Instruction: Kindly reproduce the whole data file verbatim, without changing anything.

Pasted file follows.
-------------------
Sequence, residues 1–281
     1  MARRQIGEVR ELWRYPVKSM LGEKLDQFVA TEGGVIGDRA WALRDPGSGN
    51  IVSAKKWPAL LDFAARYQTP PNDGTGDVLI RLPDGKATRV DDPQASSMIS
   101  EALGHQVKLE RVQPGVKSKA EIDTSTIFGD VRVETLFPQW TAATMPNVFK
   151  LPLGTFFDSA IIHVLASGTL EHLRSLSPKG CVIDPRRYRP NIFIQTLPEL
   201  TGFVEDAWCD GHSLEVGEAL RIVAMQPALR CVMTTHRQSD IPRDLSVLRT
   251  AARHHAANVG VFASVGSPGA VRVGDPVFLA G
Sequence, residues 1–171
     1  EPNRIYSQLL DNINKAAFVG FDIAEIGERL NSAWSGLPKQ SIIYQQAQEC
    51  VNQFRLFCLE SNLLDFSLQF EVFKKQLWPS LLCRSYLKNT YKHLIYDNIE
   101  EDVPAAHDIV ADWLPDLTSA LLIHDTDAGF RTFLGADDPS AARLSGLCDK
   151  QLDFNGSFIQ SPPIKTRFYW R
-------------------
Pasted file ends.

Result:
Sequence, residues 1–281
     1  MARRQIGEVR ELWRYPVKSM LGEKLDQFVA TEGGVIGDRA WALRDPGSGN
    51  IVSAKKWPAL LDFAARYQTP PNDGTGDVLI RLPDGKATRV DDPQASSMIS
   101  EALGHQVKLE RVQPGVKSKA EIDTSTIFGD VRVETLFPQW TAATMPNVFK
   151  LPLGTFFDSA IIHVLASGTL EHLRSLSPKG CVIDPRRYRP NIFIQTLPEL
   201  TGFVEDAWCD GHSLEVGEAL RIVAMQPALR CVMTTHRQSD IPRDLSVLRT
   251  AARHHAANVG VFASVGSPGA VRVGDPVFLA G
Sequence, residues 1–171
     1  EPNRIYSQLL DNINKAAFVG FDIAEIGERL NSAWSGLPKQ SIIYQQAQEC
    51  VNQFRLFCLE SNLLDFSLQF EVFKKQLWPS LLCRSYLKNT YKHLIYDNIE
   101  EDVPAAHDIV ADWLPDLTSA LLIHDTDAGF RTFLGADDPS AARLSGLCDK
   151  QLDFNGSFIQ SPPIKTRFYW R